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Publisher Description

Extremely hazardous substances can be released accidentally as a result of chemical spills, industrial explosions, fires, or accidents involving railroad cars and trucks transporting EHSs. Workers and residents in communities surrounding industrial facilities where these substances are manufactured, used, or stored and in communities along the nation's railways and highways are potentially at risk of being exposed to airborne EHSs during accidental releases or intentional releases by terrorists. Pursuant to the Superfund Amendments and Reauthorization Act of 1986, the U.S. Environmental Protection Agency (EPA) has identified approximately 400 EHSs on the basis of acute lethality data in rodents.

Acute Exposure Guideline Levels for Selected Airborne Chemicals, Volume 17 identifies, reviews, and interprets relevant toxicologic and other scientific data for selected AEGL documents for acrylonitrile, carbon tetrachloride, cyanogen, epichlorohydrin, ethylene chlorohydrin, toluene, trimethylacetyl chloride, hydrogen bromide, and boron tribromide in order to develop acute exposure guideline levels (AEGLs) for these high-priority, acutely toxic chemicals.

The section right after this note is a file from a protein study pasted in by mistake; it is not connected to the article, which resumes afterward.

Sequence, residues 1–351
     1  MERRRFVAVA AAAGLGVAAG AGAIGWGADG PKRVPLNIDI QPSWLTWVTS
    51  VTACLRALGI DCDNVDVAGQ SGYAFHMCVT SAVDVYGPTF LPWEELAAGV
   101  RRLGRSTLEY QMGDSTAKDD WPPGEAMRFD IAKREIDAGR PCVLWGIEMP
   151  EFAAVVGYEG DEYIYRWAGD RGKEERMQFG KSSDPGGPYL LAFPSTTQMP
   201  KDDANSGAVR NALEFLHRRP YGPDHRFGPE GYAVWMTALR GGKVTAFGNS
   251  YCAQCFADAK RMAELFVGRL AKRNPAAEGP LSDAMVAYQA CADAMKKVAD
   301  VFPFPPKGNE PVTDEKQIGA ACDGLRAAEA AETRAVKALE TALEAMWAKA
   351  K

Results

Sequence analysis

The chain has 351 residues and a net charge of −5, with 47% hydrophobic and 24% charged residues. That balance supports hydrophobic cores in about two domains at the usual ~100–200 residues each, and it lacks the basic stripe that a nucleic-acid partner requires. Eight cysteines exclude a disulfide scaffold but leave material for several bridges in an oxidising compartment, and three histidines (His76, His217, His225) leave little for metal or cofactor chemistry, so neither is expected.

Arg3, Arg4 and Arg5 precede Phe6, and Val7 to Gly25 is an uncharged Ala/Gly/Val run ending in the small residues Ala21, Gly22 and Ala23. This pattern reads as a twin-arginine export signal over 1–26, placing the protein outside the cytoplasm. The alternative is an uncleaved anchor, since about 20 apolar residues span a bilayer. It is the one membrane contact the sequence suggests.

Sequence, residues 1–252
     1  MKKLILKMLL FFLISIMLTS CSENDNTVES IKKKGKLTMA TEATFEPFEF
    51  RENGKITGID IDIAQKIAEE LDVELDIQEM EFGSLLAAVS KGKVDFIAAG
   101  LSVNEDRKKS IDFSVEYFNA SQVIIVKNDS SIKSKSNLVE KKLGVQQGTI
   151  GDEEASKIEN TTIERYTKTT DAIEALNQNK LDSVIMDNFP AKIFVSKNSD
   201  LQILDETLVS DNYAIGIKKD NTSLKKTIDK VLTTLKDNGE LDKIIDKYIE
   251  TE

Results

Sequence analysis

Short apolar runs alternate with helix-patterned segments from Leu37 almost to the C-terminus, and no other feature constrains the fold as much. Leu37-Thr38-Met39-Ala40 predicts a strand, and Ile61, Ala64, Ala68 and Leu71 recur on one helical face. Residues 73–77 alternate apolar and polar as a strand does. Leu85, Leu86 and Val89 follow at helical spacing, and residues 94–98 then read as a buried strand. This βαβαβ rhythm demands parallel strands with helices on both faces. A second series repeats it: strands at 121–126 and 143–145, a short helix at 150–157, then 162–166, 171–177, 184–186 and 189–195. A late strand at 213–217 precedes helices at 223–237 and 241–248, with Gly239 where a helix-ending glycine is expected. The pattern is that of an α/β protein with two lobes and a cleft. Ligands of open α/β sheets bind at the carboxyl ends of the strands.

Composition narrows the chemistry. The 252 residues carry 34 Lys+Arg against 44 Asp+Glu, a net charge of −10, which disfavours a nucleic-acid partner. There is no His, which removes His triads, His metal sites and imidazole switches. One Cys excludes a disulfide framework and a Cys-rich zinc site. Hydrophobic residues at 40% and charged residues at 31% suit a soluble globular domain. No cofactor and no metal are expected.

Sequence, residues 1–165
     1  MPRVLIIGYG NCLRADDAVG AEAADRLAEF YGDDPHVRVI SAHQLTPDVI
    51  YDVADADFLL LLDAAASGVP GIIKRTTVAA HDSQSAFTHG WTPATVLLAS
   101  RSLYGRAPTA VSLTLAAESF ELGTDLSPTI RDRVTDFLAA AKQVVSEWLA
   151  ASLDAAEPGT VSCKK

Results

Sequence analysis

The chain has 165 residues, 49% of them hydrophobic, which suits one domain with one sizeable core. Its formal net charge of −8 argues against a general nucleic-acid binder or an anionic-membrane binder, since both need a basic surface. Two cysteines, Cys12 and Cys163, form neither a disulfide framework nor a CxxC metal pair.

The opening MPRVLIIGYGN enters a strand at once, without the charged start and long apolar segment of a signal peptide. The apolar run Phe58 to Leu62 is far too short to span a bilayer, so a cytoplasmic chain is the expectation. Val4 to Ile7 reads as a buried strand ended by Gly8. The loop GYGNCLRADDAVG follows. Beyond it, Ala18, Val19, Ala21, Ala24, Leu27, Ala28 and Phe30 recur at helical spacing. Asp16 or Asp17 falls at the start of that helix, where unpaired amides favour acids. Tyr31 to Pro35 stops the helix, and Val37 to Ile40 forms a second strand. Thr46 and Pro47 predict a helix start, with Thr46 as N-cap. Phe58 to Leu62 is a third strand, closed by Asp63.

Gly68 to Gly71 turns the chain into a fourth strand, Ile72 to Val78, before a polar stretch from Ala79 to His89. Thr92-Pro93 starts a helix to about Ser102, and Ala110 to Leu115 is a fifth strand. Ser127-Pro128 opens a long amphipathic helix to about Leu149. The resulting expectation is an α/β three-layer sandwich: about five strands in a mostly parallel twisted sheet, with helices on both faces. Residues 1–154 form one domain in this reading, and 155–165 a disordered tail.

AEGLs represent threshold exposure limits (exposure levels below which adverse health effects are not likely to occur) for the general public and are applicable to emergency exposures ranging from 10 minutes (min) to 8 h. Three levels - AEGL-1, AEGL-2, and AEGL-3 - are developed for each of five exposure periods (10 min, 30 min, 1 h, 4 h, and 8 h) and are distinguished by varying degrees of severity of toxic effects. This report will inform planning, response, and prevention in the community, the workplace, transportation, the military, and the remediation of Superfund sites.

GENRE
Professional & Technical
RELEASED
2014
May 27
LANGUAGE
EN
English
LENGTH
492
Pages
PUBLISHER
National Academies Press
SIZE
9.2
MB

More Books by Committee on Acute Exposure Guideline Levels, Committee on Toxicology, Board on Environmental Studies and Toxicology, Division on Earth and Life Studies & National Research Council